Deep within the recesses of this comprehensive legislation lies the section which concerns us now. I.C. 1971, XX-X-X-XX (Burns Code Ed.) states:

A certified public accountant or a public accountant or an accounting practitioner, or any employee, shall not be required to disclose or divulge information of which he may have become possessed, relative to and in connection with any professional service as a certified public accountant or a public accountant or accounting practitioner. The information derived from or as the result of such professional services shall be deemed confidential and privileged: Provided, That nothing herein shall be construed as prohibiting a certified public accountant or a public accountant from disclosing any data required to be disclosed by the standards of the profession in rendering an opinion on the presentation of financial statements, or in making disclosure where said financial statements, or the professional services of the accountant pertaining thereto are contested. (Emphasis added.)

The trial court held that Section 23 creates a privilege personal to the client and the privilege has been waived by the client. Moreover, the court held that the statutory proviso applies to the privilege and therefore, irrespective of who holds the privilege, E & E cannot invoke the privilege because its professional services are contested. We agree and affirm the order of discovery.

E & E argues that Section 23 should not be read in its entirety, but rather as containing two separate and distinct rules: one dealing with compelled disclosure of information, *900 and the other dealing with voluntary disclosure of information. E & E's interpretation, in fact, consists of reading the first sentence of Section 23 without reference to the remaining portion of the section. As properly construed by the trial court, however, all portions of Section 23 must be treated as an integrated whole. The trial court's construction of Section 23 is consistent not only with the underlying purpose of the accountant-client privilege and other analogous testimonial privileges, but is also compelled by the application of settled rules of statutory construction.

In Walgreen Co. v. Gross Income Tax Division (1947), 225 Ind. 418, 75 N.E.2d 784, 785, the Supreme Court of Indiana stated that "in arriving at the meaning of a statute it must be considered as an entirety, each part being considered with reference to all other parts." This principle was recognized and applied by the lower court in its construction of Section 23. Section 23 cannot be divided into separate watertight compartments.

Section 23 contains two sentences. The first sentence basically states that a "certified public accountant ... shall not be required to disclose or divulge information of which he may have become possessed, relative to and in connection with any professional service as a certified public accountant... ." The second sentence then amplifies and expands upon the first sentence in two ways. First, it provides that the information which is the subject of the section shall be regarded as both "confidential and privileged." In this statement the General Assembly has recognized a most basic rule: granting a privilege to the source of information requires that a correlative duty of confidentiality be placed on the recipient. Second, it qualifies and limits the scope and application of the prohibition against compelled disclosure. The prohibition does not apply where, as here, the accountant's professional services are contested.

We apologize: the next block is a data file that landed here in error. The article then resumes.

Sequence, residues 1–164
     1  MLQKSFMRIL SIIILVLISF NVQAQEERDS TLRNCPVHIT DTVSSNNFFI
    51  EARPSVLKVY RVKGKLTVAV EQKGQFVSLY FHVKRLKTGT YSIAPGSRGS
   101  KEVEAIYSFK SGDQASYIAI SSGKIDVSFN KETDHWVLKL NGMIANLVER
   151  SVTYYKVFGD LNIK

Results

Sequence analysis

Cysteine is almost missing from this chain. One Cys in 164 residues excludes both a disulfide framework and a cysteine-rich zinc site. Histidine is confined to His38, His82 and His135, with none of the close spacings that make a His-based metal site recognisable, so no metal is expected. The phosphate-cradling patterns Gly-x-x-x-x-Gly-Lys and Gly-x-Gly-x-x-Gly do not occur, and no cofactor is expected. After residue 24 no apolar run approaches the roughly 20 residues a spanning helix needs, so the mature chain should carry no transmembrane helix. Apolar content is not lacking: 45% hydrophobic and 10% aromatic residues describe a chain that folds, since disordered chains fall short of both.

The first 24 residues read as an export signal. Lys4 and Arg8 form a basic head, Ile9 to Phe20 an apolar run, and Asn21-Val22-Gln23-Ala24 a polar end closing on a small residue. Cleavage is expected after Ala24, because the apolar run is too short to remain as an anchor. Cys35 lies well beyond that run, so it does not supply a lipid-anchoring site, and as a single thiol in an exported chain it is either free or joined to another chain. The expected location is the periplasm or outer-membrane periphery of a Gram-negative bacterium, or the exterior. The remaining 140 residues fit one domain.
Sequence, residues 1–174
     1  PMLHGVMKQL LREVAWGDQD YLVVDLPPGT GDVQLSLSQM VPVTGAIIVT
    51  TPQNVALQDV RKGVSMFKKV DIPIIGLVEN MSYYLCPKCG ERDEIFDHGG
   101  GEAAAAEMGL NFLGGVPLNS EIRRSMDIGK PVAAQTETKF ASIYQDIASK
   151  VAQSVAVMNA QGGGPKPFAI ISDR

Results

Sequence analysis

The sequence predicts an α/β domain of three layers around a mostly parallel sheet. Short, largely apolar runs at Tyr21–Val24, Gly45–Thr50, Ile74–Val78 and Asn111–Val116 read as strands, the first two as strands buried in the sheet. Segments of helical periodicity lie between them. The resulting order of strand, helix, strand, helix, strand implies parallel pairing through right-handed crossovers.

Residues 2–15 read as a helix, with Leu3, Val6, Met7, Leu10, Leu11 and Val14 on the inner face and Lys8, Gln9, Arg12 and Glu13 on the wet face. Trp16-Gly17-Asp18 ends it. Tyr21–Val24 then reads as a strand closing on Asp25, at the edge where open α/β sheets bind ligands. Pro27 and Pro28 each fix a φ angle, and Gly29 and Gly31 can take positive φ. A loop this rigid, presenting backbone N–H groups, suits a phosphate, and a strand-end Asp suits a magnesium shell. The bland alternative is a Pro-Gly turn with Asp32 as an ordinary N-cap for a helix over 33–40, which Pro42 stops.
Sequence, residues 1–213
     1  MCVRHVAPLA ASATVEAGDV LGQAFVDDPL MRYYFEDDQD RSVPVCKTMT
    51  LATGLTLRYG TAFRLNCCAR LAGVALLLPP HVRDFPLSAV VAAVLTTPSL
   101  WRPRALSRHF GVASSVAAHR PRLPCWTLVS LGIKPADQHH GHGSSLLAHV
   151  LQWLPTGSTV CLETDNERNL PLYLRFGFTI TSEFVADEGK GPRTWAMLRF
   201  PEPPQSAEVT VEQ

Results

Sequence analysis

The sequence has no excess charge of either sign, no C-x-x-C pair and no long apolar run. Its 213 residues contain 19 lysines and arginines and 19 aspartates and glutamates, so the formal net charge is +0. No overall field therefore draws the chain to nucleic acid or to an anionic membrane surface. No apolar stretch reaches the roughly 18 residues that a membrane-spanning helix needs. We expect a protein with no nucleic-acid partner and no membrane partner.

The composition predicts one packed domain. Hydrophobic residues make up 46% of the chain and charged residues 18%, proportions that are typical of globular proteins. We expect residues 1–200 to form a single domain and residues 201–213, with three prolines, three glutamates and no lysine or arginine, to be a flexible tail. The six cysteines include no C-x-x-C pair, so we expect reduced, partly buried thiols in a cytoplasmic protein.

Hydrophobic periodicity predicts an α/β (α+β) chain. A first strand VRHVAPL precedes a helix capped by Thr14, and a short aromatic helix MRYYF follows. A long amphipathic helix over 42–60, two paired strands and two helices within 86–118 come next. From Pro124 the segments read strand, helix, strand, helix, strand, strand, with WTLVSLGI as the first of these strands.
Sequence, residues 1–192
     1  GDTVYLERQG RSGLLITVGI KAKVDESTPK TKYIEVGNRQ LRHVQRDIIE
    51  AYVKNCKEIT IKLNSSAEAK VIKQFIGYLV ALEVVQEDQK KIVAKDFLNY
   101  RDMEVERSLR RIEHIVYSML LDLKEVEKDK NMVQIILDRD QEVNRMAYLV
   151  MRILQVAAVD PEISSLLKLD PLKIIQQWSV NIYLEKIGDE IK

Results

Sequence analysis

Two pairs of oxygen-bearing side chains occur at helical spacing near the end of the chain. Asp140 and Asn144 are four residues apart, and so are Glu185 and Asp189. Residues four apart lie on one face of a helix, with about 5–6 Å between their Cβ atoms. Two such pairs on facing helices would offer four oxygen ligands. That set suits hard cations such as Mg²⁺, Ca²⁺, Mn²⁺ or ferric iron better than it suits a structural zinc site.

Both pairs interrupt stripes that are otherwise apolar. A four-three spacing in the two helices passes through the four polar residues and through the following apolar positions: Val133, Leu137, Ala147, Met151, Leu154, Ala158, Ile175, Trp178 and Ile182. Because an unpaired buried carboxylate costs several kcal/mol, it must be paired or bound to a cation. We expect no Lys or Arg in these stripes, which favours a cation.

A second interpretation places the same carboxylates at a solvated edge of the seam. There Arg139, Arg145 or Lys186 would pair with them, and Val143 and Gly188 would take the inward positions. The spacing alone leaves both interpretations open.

E & E argues that the meaning of the first sentence must be insulated and distinguished from the meaning of the second sentence. E & E thereby assumes that the first sentence must be read without reference to the second. This assumption, however, is directly contrary to the rule of statutory construction stated in Walgreen.

In making its argument, E & E urges that it is simply giving the words in Section 23 their plain and ordinary meaning. We agree that words of a statute should be given their plain and ordinary meaning. But Walgreen states an equally important rule of statutory construction. These two rules are by no means inconsistent and both must be considered in construing a statute. See Department of Treasury v. Reinking (1941), 109 Ind. App. 63, 32 N.E.2d 741. It is urged that the proviso does not qualify the plain meaning of the first sentence. We reject this argument for two reasons. First, the general office of a proviso is to qualify or limit the plain meaning of another portion of a statute. See State v. Shrode (1949), 119 Ind. App. 57, 83 N.E.2d 900, 902. Second, the case cited by E & E to support its assertion, State v. Shanks (1912), 178 Ind. 330, 99 N.E. 481, instead supports the statutory construction process which was adopted by the lower court. The Supreme Court of Indiana clearly stated in State v. Shanks that, in the first instance, an effort must be made "to harmonize all the provisions of the statute by construing all parts together ... ." 99 N.E. at 482 (emphasis added).